Frostpunk

A Brief Summary of Generator Gasworks Technology

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Since I love Frostpunk and digging through industrial archaeology reports, I figured I'd share my own take on what the Generators are, how they function, and how the tech tree improves them.

First of all, consider this: as the captain of your city, you are not privy to the engineer's explanations of how the generators work. Your job is to balance resources and human concerns, not fiddle with thermodynamics and hydraulics. So our first step in understanding the Generators is to peel back the game's layer of simplicity: the Generator and Steam Hubs do not, in the practical sense, produce heat for your buildings. They produce steam, which remains insulated and useful up to a certain range from where it was produced, and beyond which your engineers insist there are too many losses and leak risks to extend further (without the proper technology). This range is the Heat Zone.

So what powers the Steam Hubs? Coal Gas, or to be accurate a selection of manufactured gases all deriving from coal. This is what is meant by Generator: a Gas Generator. The gas is passed through a water scrubber to extract tar and ammonia, then pumped into the rest of the city, which is why all industries require road (utility) connections to function. The limit on heating power is dictated by the maximum throughput of the pipework and the energy content of the fuel, which can be improved with technology.
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Here is brief overview of the first two tiers: Producer Gas and Mond Gas.
  1. Producer Gas is the simplest fuel: Coal is manually or automatically loaded into the central, ball-like chamber and ignited, then the airflow is minimized to produce carbon monoxide and some hydrogen products. 100 BTU /ft3
  2. Mond Gas is the first upgrade: by injecting steam into the airflow the resulting gas from the coal contains a higher proportion of hydrogen. 200 BTU/ft3
  3. Water (or as I call it, Steam) Gas: This third upgrade instead places coal in vertical retorts, or sealed heating chambers. When heated a hefty hydrocarbon-rich fuel gas is driven off and the coal becomes coke, which then drops into the central fueling chamber to alternatively produce more heat and provide more hydrogen, as the air supply switches from ambient air (generating heat) to steam (generating hydrogen). 300 BTU/ft3
  4. Complete Gasification (or, as I call it, Advanced) gas. Through ingenious engineering the coal can be made to undergo multiple gasification reactions in the same vessel as it moves down through the vertical retort, being belted with heat, steam, and air as necessary. This maximizes the fuel extraction. 400 BTU/ft3

Lastly, each form of gas can have its energy content increased sharply, but at a cost. By processing the removed coal tars with waste heat, a coal oil is derived which can be sprayed directly into the gasflow before it is stored at the top of the Generator. This process is called Carburation and can improve the energy content by 100 to 200 BTU/ft3. The game refers to this as Overdrive.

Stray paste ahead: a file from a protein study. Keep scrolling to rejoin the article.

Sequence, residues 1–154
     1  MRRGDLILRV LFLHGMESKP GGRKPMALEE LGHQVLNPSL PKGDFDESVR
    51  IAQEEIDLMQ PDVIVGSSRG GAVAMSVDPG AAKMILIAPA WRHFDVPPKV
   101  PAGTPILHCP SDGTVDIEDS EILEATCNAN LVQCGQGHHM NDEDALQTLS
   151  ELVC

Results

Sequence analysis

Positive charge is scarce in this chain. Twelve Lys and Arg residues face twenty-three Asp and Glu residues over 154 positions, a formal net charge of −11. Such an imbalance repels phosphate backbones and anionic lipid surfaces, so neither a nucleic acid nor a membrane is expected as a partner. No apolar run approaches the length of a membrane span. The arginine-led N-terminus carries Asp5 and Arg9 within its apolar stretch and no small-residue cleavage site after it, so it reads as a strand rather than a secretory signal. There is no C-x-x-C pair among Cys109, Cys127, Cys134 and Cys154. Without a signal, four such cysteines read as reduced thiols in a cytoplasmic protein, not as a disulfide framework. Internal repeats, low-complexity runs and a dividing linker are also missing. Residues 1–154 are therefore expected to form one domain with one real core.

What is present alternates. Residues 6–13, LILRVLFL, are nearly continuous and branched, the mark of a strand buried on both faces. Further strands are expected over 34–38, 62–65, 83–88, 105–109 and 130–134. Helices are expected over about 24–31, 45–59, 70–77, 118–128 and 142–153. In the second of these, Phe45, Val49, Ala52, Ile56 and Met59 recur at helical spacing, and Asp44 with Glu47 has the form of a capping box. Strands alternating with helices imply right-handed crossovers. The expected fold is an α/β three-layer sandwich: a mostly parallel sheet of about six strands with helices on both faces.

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However, Carburation causes tar damage throughout the distribution system, which can clog relief valves, create thermal weak spots, and put the entire Generator at risk. In an emergency, someone small could reach manual relief valves located under the storage tank (and unfortunately surrounded by scalding machinery ready to blow), or the gas could be pumped through a makeshift cleanser, providing some relief at the cost of permanently warping or clogging priceless precision machinery (a steam core). The alternative, of course, is an exploding Generator.

Now, as I said before the purpose of Steam Hubs is to convert ice and condensed water back into steam for heating homes and businesses, but the Generator itself is a little different. It does NOT generate its own steam. To maximize coal efficiency and reduce the number of failure points in the event a Generator needed to start up in the middle of winter, the IEC designed the Generator steam supply (and the accompanying "Heat Zone") to come from geothermal energy. This is why Generators require underground piping and why Generator Range technology is separate from Steam Hub Range technology: one is based on pre-heating and super-heating geothermal steam so it can travel farther, the other is based on better pipe insulation.

Does this explain why the Generator Range upgrades are so bad? No. Sorry, there's no excuse for that. Frankly, the Steam Hub Range upgrade should apply to both the Generators and the steam hubs, increasing each belt from 2 to 3 ticks.

Why are (gas-powered) heaters only built in industries? Probably because of fears of gas leaks, this is still a pretty shoddy system after all. As potentially the last city on Earth, dying in the night from carbon monoxide poisoning is unacceptable.

Why are (gas-powered) heaters limited by a separate technology tree? I assume the heater components have maximum temperature ratings that the engineers rarely have time to come and fix.

What does this mean for Frostpunk's lore if any of this is true? It means the Generators aren't magic and they don't necessarily need giant holes dug for them. If New London can build automatons and steel mills, they can build new Generators.

Thank you all for coming to my winter-themed NED Talk

Edit: don't mix bold and superscript, folks.

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